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21 of 21 people found the following review helpful
5.0 out of 5 stars A collection of poems evoking 19th century bohemiancity life
Les Fleurs de Mal is a meditation of the problem of being moral in a new industrial society where the distinction between good and evil no longer seems to be a distinction that can be made. Some of the poems were banned when they were first composed but this collection restores them to their rightful place within the chapters. This is a pretty good translation of the...
Published on 14 April 2000 by Mr. N. G. C. Darwin

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8 of 9 people found the following review helpful
1.0 out of 5 stars Kindle Review - Flowers of Evil (Oxford World Classics)
This is not a comment on the poetry, but a note about the Kindle edition for anyone considering buying it.

The bilingual, facing-page translations don't work very well on the kindle. It is still readable, just about, but it splices the two together and causes the english translation of one poem to get mixed in with the original french of the next poem and is...
Published on 15 May 2012 by David


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21 of 21 people found the following review helpful
5.0 out of 5 stars A collection of poems evoking 19th century bohemiancity life, 14 April 2000
By 
Mr. N. G. C. Darwin (UK) - See all my reviews
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This review is from: The Flowers of Evil (Oxford World's Classics) (Paperback)
Les Fleurs de Mal is a meditation of the problem of being moral in a new industrial society where the distinction between good and evil no longer seems to be a distinction that can be made. Some of the poems were banned when they were first composed but this collection restores them to their rightful place within the chapters. This is a pretty good translation of the poems although it does sacrifice some of the meaning of the lines in French in order to produce rhyme in English. Read this for a beautiful and striking evocation of bohemian life.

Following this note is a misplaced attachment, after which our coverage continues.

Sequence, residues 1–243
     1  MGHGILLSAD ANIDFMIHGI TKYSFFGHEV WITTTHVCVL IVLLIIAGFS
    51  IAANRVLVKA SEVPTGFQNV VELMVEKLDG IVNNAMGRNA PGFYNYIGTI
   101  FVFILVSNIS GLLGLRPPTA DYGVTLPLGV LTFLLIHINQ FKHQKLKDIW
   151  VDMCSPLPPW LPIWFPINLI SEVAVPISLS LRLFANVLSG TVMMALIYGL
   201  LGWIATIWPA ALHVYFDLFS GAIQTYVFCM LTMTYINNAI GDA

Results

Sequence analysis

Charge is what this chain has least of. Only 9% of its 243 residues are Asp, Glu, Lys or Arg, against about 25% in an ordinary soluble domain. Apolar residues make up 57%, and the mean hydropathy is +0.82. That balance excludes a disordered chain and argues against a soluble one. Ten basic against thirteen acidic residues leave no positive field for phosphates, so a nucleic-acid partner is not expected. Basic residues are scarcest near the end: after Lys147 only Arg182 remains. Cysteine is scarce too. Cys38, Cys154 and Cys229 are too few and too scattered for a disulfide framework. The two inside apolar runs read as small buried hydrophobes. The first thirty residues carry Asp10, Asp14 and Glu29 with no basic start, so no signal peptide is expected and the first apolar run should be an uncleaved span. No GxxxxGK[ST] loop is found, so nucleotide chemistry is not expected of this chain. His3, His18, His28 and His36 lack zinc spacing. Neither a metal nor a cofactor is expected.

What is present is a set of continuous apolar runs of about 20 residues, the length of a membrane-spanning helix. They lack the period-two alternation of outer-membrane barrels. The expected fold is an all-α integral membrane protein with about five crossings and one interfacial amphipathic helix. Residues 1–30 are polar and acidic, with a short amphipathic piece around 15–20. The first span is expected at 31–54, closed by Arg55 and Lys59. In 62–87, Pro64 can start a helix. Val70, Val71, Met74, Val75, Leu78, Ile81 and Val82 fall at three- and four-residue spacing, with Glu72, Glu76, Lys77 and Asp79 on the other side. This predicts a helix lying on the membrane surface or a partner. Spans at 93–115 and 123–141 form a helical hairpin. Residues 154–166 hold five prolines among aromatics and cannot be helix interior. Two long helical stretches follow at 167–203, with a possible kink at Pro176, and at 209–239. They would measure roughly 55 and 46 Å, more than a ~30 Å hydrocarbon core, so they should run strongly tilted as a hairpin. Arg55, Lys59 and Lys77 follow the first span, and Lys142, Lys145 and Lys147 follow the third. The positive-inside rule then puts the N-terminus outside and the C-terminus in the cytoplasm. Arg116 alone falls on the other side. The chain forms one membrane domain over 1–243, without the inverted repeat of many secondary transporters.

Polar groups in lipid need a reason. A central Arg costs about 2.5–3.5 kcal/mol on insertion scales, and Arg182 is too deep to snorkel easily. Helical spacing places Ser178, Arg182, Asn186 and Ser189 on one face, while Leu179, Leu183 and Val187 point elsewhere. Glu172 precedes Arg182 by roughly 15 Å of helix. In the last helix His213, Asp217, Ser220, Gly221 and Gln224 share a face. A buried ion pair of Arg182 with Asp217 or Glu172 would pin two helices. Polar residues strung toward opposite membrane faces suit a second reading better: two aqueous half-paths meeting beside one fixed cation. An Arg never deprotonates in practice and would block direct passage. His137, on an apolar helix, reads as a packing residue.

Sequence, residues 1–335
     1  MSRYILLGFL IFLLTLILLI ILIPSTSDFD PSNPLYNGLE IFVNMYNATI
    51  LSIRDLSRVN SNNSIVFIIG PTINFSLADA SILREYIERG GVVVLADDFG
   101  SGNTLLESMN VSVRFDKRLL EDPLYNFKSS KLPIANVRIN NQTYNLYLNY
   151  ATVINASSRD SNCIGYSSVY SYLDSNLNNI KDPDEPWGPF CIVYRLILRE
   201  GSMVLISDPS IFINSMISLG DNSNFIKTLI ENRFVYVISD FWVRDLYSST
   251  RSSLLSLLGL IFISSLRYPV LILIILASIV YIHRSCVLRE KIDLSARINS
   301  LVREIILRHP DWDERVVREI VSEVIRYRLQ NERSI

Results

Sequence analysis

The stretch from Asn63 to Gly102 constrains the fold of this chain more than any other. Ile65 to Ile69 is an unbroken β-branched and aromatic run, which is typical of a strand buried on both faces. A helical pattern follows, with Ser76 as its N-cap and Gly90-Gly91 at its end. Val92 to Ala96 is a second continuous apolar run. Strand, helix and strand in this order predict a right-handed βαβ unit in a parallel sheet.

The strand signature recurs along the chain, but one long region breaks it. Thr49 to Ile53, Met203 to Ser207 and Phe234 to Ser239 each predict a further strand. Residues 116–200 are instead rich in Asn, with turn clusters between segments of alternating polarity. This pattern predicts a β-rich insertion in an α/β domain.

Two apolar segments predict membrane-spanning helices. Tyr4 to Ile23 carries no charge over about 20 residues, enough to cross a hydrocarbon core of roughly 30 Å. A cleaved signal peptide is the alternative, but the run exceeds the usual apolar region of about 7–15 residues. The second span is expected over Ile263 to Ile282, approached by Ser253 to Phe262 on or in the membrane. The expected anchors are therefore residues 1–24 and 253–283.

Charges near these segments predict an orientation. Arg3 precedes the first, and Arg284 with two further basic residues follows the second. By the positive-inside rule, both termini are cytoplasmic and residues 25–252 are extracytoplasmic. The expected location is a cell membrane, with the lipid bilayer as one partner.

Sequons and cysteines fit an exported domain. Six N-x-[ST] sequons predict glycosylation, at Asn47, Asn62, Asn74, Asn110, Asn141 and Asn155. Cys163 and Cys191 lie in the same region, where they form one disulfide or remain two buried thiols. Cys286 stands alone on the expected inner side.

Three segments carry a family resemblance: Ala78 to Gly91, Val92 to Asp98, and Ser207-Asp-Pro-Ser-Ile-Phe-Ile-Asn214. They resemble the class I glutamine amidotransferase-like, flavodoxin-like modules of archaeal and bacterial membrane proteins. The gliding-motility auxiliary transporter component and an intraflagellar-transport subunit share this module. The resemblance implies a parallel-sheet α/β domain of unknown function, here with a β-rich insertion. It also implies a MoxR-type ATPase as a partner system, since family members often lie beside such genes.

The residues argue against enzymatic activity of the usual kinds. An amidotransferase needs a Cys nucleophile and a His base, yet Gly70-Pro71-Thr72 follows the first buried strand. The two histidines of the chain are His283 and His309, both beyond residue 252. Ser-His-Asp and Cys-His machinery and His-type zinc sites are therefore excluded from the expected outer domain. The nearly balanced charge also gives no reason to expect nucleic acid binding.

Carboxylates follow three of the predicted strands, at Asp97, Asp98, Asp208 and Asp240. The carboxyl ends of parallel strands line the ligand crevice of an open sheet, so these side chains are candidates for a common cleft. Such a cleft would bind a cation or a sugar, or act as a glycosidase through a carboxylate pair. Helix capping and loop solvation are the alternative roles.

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8 of 9 people found the following review helpful
1.0 out of 5 stars Kindle Review - Flowers of Evil (Oxford World Classics), 15 May 2012
This is not a comment on the poetry, but a note about the Kindle edition for anyone considering buying it.

The bilingual, facing-page translations don't work very well on the kindle. It is still readable, just about, but it splices the two together and causes the english translation of one poem to get mixed in with the original french of the next poem and is frankly annoying.

Not recommended.
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10 of 12 people found the following review helpful
4.0 out of 5 stars excellent excellent excellent (and not incomprehensible), 3 May 2003
By A Customer
This review is from: The Flowers of Evil (Oxford World's Classics) (Paperback)
I've rated this 4 stars as it's the english version and so although it may be oxford world classics and therefore excellently transalted, some of the rhythm and rhyme of the poems will be lost, which often adds to its personality. The french version gets 5 stars.
Baudelaire wrote brilliant poetry, and it wasn't the stuff a gentleman could recline into his leather chair with his pipe with to relax in the 19th C without (unless he was totally thick) realising that a lot of the poems (especially in spleen and ideal) are focused mainly on the dark and rotting side of life. 'spleen' was for baudelaire a sort of depressive feeling of ennui and dark restlessness, and ideal its opposite; an ecstatic state of spiritual well-being. the collection of poems ranges between these opposing poles (it is generally thought that b was a manic depressive) and are beautiful.
a lot of people in my french lit class really disliked B; saying he was a weirdo and really disgusting - some of the images and themes are, but i think those people just couldn't confront/think about the dark side of life, which B translates into his poetry and knew so well.
having written all about how dark B's poetry is, and how some people find it depressing, i personally find some of them quite uplifting - for example in one lengthy poem about a corspe rotting in the sunshine, the poet contemplates how one day his body and soul will be reduced to such a state. but implicit in the poem is hat fact that the flowers in the surrounding field grow out of such rotten material, that life is cyclic and that almost nothing is eternal.
even if you're not used to poetry, i would recommend this, as long as you're not squeamish!
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1 of 1 people found the following review helpful
4.0 out of 5 stars A flash of light in the dark sight of human soul, 28 Feb 2013
By 
Antonios F. Arkas (Athens, Greece) - See all my reviews
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Nikos Kazantzakis characterized the voice of the instincts and subconscious as the "voice of the mud". Prior to understanding the shades of gray one must venture to the outer limits of light and darkness. Intellect and sensations. Logic and lust. Every one of us is afraid of the tremendous pressure of his feelings which seem as a forbidden zone due to their uncontrolable nature.